Sci. Aging Knowl. Environ., 26 January 2005
Worn-out cells prod healthy ones toward cancer
Cells that have lost the ability to divide are like those bad kids your mother warned you to avoid. They corrupt young cells, disrupting the growth and specialization of fresh tissue, according to new research. Rising numbers of these stagnant cells might explain why our bodies don't work as well in our golden years.
After cells have undergone many divisions, they typically slip into a semiretirement called replicative senescence, in which they can no longer duplicate (see "Dangerous Liaisons"). Signals such as shrunken telomeres, the protective caps at the ends of chromosomes, trigger senescence. Shutting down cells with diminutive telomeres makes sense because they're susceptible to chromosomal chaos that promotes cancer. But even from their rocking chairs, the stalled cells can make trouble. For example, in 2001 cell and molecular biologist Judith Campisi of Lawrence Berkeley National Laboratory in California and colleagues showed that senescent cells could spur genetically damaged but noncancerous cells to form tumors (see "Faustian Bargain"). The researchers wondered whether senescent cells also harm genetically unscathed ones.
The scientists cultured a human breast cell line along with either senescent or youthful connective tissue cells, which coax mammary cells to specialize. Both types of connective tissue cells spurred breast tissue to form bulb-shaped structures like those that secrete milk, but the bulbs grown with senescent cells were larger and misshapen. They also carried more of a protein that accumulates when cells duplicate their DNA. Culturing a different cell line revealed that bulbs that grew with nonsenescent cells pumped out about twice as much of a milk protein as did bulbs reared among stagnant cells. Together, the results suggest that senescent cells upset the architecture and function of mammary tissues.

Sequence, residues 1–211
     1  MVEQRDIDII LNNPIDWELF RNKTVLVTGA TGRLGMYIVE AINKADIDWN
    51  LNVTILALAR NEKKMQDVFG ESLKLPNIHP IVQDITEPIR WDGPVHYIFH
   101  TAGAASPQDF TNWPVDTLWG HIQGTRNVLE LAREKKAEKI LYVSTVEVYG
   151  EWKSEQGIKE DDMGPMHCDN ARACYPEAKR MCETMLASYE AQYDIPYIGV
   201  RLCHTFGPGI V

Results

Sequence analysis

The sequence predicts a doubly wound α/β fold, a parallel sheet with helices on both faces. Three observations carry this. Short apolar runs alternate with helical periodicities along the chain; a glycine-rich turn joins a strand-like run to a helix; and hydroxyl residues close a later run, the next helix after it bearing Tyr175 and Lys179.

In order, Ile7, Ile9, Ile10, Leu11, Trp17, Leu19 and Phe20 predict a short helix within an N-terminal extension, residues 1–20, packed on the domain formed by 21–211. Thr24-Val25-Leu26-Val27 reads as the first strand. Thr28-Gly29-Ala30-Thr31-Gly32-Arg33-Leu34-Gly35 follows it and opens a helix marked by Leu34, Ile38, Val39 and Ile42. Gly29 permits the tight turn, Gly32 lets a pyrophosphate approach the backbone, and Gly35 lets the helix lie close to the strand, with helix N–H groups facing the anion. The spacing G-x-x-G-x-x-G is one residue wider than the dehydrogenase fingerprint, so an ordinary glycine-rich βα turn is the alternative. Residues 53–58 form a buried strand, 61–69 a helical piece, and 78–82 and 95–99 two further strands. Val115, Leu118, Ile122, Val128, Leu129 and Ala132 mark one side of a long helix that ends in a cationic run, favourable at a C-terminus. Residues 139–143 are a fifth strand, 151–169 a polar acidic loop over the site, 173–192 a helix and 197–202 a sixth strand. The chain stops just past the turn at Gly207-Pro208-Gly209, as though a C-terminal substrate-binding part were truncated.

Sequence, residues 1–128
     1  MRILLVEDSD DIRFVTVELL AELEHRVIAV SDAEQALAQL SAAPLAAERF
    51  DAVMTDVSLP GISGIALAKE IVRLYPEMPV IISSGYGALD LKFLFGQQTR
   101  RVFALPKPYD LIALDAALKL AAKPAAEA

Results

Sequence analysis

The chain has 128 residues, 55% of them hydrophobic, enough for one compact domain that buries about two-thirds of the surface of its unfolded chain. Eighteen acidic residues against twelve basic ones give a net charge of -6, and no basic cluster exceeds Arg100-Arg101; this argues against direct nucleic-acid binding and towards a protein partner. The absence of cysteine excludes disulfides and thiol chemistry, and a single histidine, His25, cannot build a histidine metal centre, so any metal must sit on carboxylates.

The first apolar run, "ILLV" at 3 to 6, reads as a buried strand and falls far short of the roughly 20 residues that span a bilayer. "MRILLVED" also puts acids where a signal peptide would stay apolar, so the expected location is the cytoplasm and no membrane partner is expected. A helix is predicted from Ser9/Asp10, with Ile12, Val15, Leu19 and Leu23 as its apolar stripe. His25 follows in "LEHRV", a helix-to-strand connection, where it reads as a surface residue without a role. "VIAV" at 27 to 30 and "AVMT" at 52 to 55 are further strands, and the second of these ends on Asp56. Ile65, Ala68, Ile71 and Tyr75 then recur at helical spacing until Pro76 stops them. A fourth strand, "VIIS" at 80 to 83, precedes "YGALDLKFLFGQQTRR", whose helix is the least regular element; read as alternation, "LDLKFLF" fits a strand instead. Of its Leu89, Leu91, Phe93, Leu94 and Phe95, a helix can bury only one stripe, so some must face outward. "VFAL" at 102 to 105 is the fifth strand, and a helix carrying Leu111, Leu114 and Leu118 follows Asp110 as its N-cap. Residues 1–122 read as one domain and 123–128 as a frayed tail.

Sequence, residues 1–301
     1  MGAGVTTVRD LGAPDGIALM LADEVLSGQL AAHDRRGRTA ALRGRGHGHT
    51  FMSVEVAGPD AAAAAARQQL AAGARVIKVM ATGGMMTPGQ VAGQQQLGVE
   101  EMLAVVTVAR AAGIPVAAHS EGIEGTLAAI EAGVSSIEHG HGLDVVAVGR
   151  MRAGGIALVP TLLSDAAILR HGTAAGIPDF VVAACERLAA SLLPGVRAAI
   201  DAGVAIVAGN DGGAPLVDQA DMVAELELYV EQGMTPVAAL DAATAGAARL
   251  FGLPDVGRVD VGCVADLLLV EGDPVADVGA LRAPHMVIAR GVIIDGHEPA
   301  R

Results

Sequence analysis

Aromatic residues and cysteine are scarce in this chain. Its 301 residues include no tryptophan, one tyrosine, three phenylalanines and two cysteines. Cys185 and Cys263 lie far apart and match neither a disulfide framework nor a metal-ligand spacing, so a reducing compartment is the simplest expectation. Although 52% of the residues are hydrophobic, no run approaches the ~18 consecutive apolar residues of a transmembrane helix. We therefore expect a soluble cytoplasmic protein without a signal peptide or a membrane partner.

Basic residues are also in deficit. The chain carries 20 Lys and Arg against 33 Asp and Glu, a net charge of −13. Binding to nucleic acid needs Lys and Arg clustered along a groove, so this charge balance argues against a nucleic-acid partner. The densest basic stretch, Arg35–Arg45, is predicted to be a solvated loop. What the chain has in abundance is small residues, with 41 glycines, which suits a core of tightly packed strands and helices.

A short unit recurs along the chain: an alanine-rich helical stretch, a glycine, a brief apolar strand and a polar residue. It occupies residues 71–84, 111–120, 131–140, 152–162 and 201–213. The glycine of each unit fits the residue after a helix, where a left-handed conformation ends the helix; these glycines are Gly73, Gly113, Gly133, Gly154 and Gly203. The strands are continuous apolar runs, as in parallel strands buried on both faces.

At puberty, networks of ducts spread through breast tissue. The team simulated this process in culture by growing clumps of mouse mammary cells. They found that senescent cells elicited more branching and longer extensions from the clumps than did normal cells. Thus, exposure to senescent cells could boost the ability to infiltrate neighboring tissues, a characteristic of cancer. Previous work had shown that senescent cells exuded much more MMP-3, a protein that sparks branching, than did their nonsenescent counterparts. In the current study, the researchers discovered that blocking MMP-3 in stagnant cultures trimmed branch formation and elongation. By increasing cells' growth and "invasiveness," stagnant cells undermine some checks on cancer, says Campisi, and they could instigate other problems. The cells accrue as we grow older, and their increased abundance could explain why aged tissue tends to be disorganized and doesn't perform as well as younger tissue.
The work "is very important and helps to raise our awareness of the activities of senescent cells as a major pathogenic factor," says cancer researcher Igor Roninson of the Ordway Research Institute in Albany, New York. The story is more complicated, he notes, because not all senescent cells are antisocial rogues. Research from his lab and others indicates that some of the cells emit cancer-fighting compounds. Nonetheless, he says, drugs that block harmful releases from senescent cells should protect their impressionable neighbors from a bad influence.
January 26, 2005
Science of Aging Knowledge Environment. ISSN 1539-6150